For Immediate Release
Media Contact: Mark Gaston
NIGC Final Decision and Order In
Gaming Ordinance of the Ponca Tribe of Nebraska
WASHINGTON, November 14, 2017 – The National Indian Gaming Commission (NIGC) has issued an Amendment to its Final Decision and Order regarding the Gaming Ordinance of the Ponca Tribe of Nebraska. The Amendment to the Final Decision and Order was issued by the Commission and signed by NIGC Chairman Jonodev Chaudhuri and Vice Chair Kathryn Isom-Clause. With this Decision, the Commission reaffirms that the land at issue is eligible for gaming as restored lands for a restored tribe.
The Final Decision and Order being Amended was issued on December 31, 2007, and overturned the Chairman’s disapproval of the Tribe’s gaming ordinance. The States of Iowa and Nebraska and the City of Council Bluffs, Iowa challenged the Commission’s decision, and the 8th Circuit Court of Appeals ordered the matter remanded to the Commission with instructions to reconsider the decision in accordance with its opinion. Specifically, the Commission decision was remanded with instructions that the Commission consider an agreement between the State of Iowa and the Tribe’s outside counsel.
Upon review, the Commission amended its prior decision and, by a formal vote, finds and concludes that:
1) The agreement between Iowa and the Tribe’s attorney is not valid and does not estop the Tribe from gaming under IGRA’s restored lands exception.
2) Based on analysis provided by the Department of the Interior, the Ponca Restoration Act does not limit the Tribe’s “restored lands” to Knox and Boyd Counties, Nebraska.
3) The temporal, geographic, and factual circumstances factors of the restored lands analysis support the conclusion that the Carter Lake parcel is restored lands for a restored tribe.
Accordingly, the Commission affirmed the original decision reversing the Chair’s disapproval of the Tribe’s site-specific gaming ordinance on the grounds that the Carter Lake parcel is restored lands for a restored tribe.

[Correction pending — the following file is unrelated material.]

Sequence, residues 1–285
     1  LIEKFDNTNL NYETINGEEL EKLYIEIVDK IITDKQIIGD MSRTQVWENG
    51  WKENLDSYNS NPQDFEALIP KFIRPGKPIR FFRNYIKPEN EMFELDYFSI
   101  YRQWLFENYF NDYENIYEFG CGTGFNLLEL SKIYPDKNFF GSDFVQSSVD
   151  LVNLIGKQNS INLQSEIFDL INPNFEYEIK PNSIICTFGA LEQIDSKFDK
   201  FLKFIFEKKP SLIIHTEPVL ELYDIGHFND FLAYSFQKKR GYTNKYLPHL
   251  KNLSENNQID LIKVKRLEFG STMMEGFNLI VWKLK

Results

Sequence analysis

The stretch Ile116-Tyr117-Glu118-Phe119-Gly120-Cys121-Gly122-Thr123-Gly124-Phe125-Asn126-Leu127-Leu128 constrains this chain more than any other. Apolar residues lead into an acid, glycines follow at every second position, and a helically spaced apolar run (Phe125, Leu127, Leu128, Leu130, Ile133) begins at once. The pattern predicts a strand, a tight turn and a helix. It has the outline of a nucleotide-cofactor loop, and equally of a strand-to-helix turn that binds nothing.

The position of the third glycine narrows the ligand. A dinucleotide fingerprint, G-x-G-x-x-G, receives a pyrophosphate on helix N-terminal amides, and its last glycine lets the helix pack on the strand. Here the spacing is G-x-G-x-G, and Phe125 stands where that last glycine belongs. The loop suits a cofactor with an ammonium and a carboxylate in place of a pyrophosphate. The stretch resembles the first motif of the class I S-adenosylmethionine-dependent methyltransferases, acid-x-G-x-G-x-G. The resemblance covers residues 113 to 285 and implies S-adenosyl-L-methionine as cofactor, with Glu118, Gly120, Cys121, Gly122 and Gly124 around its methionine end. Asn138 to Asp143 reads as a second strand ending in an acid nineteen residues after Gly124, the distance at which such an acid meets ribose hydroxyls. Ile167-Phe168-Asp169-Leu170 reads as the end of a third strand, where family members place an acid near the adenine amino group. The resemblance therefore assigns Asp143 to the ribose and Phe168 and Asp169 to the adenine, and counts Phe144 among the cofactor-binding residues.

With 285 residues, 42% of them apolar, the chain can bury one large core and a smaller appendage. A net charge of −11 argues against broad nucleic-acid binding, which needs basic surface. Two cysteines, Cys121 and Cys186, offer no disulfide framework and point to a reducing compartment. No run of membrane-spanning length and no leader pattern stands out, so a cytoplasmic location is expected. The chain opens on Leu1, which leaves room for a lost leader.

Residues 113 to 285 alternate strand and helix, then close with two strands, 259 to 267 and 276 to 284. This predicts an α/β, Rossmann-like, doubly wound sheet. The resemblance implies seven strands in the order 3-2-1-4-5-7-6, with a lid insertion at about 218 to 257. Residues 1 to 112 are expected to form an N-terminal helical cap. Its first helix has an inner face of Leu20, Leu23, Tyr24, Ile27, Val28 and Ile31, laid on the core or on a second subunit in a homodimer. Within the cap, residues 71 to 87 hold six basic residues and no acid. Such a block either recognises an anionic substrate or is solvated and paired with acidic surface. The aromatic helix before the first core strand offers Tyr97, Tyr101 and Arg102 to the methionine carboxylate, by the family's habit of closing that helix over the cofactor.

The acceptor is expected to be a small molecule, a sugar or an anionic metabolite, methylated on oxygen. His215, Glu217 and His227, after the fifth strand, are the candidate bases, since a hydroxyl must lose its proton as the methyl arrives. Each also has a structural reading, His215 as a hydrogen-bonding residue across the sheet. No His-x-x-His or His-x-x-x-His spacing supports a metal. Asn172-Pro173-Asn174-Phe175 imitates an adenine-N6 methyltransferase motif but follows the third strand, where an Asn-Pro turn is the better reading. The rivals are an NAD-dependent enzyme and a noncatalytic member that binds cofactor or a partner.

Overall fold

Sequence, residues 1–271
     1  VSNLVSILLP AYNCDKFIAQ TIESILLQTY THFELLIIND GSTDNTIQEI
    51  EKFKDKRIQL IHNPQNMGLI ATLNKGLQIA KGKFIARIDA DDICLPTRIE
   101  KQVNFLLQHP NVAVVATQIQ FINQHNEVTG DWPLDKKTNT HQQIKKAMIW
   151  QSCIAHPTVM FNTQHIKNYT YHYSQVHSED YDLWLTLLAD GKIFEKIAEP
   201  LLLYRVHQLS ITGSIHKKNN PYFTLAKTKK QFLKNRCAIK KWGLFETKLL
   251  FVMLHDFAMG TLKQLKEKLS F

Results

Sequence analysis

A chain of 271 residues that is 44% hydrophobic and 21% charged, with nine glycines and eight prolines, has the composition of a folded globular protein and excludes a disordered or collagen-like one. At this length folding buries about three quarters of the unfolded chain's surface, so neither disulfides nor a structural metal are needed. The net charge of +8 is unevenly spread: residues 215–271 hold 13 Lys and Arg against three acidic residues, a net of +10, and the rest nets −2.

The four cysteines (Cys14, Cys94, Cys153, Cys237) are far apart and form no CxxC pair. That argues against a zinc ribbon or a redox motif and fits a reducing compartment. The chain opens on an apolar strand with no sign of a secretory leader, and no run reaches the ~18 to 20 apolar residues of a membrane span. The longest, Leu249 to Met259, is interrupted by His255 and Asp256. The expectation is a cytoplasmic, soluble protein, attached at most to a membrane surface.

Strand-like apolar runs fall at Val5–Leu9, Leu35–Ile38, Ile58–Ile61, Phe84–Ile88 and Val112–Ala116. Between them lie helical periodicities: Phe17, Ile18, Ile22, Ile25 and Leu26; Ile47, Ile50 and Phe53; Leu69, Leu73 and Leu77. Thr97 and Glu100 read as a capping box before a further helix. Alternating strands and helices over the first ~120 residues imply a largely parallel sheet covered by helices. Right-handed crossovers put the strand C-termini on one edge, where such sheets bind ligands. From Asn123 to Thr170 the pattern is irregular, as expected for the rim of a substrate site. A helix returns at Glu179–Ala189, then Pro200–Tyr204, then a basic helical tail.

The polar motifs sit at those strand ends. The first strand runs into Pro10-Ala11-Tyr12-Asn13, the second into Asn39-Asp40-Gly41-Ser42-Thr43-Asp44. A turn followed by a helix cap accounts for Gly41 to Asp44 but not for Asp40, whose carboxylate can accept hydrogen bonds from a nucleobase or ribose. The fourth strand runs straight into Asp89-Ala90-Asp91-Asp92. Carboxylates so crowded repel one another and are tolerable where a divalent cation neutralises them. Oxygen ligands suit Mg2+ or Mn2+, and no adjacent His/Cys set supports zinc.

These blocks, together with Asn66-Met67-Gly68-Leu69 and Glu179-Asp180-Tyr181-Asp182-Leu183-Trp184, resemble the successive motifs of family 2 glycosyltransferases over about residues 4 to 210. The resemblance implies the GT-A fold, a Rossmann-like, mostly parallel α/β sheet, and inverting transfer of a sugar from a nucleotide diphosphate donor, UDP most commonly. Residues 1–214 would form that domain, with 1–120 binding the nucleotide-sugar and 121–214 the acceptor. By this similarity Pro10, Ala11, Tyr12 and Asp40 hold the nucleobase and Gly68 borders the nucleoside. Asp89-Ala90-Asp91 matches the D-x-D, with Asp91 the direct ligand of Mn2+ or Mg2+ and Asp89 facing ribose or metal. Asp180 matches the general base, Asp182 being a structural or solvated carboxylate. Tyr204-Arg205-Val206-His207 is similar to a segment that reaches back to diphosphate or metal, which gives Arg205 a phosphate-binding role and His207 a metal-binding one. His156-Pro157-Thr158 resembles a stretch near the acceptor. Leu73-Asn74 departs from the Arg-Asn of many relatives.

“We appreciate the parties’ patience throughout this process. Since this matter was remanded, the Commission coordinated and consulted with the Department of the Interior and heard from all interested parties through the additional briefing. As a result, I am confident that today’s decision is both thorough and well-reasoned,” Vice Chair Isom-Clause stated.
“The Commission recognizes that all tribes have unique histories that must be considered on a case-by-case basis when making these decisions. We strive to apply IGRA to the facts we are provided, keeping in mind that one approach does not fit all of those unique histories and circumstances, so that we may continue to fulfill our mission while allowing for tribes to pursue strong tribal government, self-sufficiency and essential economic development.” Chairman of the NIGC, Jonodev Chaudhuri said.
You can view the final decision in full HERE.
The Indian Gaming Regulatory Act created the National Indian Gaming Commission to support tribal self-sufficiency and the integrity of Indian gaming. The NIGC has developed four initiatives to support its mission including (1) To protect against anything that amounts to gamesmanship on the backs of tribes; (2) To stay ahead of the Technology Curve; (3) Rural outreach; and (4) To maintain a strong workforce within NIGC and with its tribal regulatory partners. NIGC oversees the efficient regulation of 499 gaming establishments operated by 244 tribes across 28 states. The Commission’s dedication to compliance with the Indian Gaming Regulatory Act ensures the integrity of the growing $31.2 billion Indian gaming industry. To learn more, visit www.nigc.gov and follow us on Facebook and Twitter.Download the PDF here.